The Orthopedics Service at Cornell University Hospital for Animals is nationally and internationally recognized as a leader in the treatment of musculoskeletal conditions in farm animals. Our staff includes board-certified veterinarians who have pioneered many of the approaches used for diagnosis and treatment of joint and bone disorders.
Our service offers advanced diagnostic techniques and cutting-edge treatments in a contemporary facility designed to maximize the safety and care of farm animals. We offer post-operative surgical care 24 hours a day in a special orthopedic ward and our staff is trained specifically to care for orthopedic conditions.
We work in a collaborative environment that brings together a diverse group of veterinary specialty services including Anesthesiology, Imaging and Clinical Nutrition to provide comprehensive veterinary care for your animal.
What to Expect During Your Appointment
Your scheduled visit to the Orthopedic Service at the Cornell University Hospital for Animals begins when you pull up to the circular driveway in front of the Large Animal Hospital. Please park your vehicle in the driveway, come into the reception area and check in at the front desk. After a small amount of paperwork, a veterinary student will help you unload and walk your animal to its assigned stall.
Often times, you may leave your vehicle and trailer right in the driveway but, if the lot is full, the receptionist will provide you with a parking pass and directions to nearby longer-term parking where overnight parking for trucks and trailers is also available.
After your vehicle is parked, a student will ask about your animals past medical, surgical, travel and vaccination history and performs a basic physical examination. Then, the surgery resident and faculty member will join the student to conduct a full orthopedic examination. Students observe and participate in this examination, which is invaluable to their education and development. We appreciate your patience and understanding in allowing these future veterinarians to interact with you and your animal.
After the physical examination, our veterinarians will discuss their findings and treatment options, including cost. Together, you will develop plan for further diagnosis and treatment of your animal.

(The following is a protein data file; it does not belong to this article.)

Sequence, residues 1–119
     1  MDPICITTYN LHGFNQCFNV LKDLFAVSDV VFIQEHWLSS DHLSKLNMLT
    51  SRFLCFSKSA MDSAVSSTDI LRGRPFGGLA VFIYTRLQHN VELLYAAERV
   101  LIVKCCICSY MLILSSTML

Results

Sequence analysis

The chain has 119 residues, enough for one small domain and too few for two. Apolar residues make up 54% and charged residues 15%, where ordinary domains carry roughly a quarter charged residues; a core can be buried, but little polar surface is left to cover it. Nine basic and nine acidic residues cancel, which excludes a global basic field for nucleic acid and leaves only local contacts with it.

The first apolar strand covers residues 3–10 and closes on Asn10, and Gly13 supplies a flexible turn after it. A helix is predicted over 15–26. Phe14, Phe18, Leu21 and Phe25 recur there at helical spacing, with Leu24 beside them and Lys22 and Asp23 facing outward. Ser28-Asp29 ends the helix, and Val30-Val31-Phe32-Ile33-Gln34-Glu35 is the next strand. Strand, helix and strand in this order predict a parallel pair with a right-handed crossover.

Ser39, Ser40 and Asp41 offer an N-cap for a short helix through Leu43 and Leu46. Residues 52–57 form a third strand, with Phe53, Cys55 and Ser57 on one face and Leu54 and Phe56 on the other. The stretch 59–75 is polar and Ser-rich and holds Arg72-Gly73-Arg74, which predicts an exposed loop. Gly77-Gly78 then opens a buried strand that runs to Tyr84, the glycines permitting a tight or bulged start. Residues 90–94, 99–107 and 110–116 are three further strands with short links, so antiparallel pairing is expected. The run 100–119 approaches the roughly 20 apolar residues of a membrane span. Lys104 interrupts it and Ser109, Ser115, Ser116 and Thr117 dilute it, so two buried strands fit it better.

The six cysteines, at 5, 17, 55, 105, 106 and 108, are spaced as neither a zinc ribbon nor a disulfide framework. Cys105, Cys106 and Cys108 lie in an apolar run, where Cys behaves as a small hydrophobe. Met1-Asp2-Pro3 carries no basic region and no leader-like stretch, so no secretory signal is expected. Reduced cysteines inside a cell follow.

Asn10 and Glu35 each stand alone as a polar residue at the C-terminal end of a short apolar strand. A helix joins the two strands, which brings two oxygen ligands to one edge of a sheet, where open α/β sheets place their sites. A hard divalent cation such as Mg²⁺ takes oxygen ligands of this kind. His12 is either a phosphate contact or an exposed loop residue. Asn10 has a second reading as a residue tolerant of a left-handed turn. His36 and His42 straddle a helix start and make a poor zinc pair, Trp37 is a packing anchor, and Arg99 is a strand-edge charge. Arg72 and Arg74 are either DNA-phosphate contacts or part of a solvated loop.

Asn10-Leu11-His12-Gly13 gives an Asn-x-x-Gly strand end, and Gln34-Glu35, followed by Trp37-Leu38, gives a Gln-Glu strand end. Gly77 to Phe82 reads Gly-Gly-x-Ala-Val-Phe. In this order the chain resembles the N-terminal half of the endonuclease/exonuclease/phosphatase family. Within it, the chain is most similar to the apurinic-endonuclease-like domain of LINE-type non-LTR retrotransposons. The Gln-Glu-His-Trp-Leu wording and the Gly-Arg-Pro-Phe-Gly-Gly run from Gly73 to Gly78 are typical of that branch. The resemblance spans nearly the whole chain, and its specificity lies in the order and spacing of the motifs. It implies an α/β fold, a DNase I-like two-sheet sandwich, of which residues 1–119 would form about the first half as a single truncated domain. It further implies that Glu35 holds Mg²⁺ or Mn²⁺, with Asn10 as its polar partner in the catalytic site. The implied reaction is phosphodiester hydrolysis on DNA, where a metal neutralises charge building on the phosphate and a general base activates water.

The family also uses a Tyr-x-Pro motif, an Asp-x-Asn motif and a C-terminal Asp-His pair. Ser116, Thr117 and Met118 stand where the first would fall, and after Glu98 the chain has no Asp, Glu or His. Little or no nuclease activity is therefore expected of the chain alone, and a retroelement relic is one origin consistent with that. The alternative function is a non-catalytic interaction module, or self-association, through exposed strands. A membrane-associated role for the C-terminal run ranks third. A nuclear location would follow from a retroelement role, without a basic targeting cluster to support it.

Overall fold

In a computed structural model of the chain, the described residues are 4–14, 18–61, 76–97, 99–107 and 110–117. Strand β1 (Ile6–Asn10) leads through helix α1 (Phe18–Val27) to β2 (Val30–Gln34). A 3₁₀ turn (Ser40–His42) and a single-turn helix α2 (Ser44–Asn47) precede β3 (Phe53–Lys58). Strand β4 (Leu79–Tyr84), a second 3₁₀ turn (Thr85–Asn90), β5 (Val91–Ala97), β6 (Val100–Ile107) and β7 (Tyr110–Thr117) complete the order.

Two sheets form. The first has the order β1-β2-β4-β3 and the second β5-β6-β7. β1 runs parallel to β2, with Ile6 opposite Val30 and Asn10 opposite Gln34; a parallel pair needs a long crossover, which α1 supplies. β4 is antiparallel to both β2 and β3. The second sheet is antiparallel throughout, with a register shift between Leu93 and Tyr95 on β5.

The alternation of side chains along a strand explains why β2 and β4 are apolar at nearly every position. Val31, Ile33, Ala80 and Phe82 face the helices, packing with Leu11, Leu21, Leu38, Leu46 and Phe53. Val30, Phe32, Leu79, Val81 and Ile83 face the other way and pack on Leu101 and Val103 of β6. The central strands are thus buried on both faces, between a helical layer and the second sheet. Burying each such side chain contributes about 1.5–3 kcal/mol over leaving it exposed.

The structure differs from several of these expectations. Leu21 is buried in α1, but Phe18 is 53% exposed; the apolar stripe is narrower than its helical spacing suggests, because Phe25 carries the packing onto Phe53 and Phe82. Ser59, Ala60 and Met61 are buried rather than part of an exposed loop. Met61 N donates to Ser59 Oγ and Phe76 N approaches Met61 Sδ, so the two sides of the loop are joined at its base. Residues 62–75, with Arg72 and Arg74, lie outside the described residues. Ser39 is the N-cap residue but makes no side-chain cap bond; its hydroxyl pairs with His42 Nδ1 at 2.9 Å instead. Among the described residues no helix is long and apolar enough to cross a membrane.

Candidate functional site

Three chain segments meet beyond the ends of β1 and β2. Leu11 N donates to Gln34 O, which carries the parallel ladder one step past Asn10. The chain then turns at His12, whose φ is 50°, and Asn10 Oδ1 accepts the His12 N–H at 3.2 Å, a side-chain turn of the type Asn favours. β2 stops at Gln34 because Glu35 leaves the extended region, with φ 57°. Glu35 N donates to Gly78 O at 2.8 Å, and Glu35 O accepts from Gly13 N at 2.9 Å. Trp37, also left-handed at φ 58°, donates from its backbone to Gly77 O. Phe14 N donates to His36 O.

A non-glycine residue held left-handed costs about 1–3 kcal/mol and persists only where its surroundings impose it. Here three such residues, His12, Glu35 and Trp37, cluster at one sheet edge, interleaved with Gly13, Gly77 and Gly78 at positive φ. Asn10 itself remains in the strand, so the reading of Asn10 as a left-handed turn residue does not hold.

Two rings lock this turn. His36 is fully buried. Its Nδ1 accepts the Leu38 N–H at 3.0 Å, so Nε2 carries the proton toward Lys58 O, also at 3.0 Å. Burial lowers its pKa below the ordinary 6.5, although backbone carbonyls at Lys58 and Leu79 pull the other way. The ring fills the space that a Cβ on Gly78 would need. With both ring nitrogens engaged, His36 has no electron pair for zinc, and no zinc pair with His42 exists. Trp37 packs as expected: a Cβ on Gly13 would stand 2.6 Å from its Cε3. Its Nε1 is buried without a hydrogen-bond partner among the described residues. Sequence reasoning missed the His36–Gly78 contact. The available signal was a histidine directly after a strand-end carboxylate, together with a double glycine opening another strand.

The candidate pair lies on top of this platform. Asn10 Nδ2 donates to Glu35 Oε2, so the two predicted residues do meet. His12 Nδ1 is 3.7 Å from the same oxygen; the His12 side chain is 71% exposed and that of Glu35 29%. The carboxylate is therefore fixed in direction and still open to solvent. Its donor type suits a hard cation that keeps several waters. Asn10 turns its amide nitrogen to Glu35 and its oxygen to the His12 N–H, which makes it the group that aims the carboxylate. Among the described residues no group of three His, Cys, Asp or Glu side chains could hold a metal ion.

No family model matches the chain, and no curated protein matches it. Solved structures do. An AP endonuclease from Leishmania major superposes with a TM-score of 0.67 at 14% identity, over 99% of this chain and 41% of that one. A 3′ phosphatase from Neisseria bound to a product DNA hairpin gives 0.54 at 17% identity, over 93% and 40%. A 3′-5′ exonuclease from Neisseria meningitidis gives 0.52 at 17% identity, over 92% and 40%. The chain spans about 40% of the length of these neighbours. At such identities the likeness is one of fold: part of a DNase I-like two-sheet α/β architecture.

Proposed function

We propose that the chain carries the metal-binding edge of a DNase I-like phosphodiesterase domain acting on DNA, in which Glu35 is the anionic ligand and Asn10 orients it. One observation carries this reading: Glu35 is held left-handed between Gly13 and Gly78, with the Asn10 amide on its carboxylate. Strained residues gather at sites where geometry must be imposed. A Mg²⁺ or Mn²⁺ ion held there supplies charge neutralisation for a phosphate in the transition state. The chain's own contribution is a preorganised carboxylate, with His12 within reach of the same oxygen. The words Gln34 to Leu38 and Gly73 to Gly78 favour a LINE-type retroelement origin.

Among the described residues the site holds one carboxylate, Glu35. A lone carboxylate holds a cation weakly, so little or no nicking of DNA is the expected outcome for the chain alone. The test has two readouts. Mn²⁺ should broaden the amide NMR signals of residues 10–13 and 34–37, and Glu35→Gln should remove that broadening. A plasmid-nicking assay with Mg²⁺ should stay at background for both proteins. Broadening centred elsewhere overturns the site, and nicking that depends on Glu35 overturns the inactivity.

In most cases, you will be asked to leave your animal in the care of the student after this initial examination so that we may begin appropriate diagnostic testing, which commonly includes imaging studies and diagnostic nerve blocks.
You will most likely be asked to return in the afternoon to discuss our findings and recommendations. Please understand that our primary concern is the well being of your animal, and that although we will always strive to minimize the duration of your stay, we do not wish to compromise patient care. When you return, you will meet with the veterinarian and the student working with your animal to discuss their findings and therapeutic recommendations.
Animals that require a surgical procedure are typically admitted, and their surgery will occur the following day. Animals that do not require surgery will be discharged with a plan for rehabilitation and pain control, if necessary. You will also receive a copy of discharge instructions, which outlines our findings and recommendations. We will strive to make sure that we have answered any and all questions that you may have prior to your departure.
American College of Veterinary Internal Medicine
A non-profit board created to enhance animal and human health by advancing veterinary internal medicine through training, education, and discovery.
Dr. Lisa Fortier's laboratory investigates the underlying cellular and molecular mechanisms involved in the development of arthritis with the goal of identifying finding new ways to treat and prevention arthritis.
Comparative Orthopaedics Laboratory
Dr. Alan Nixon's laboratory is dedicated to the study of the basic mechanisms of orthopedic diseases and the development of innovative therapies.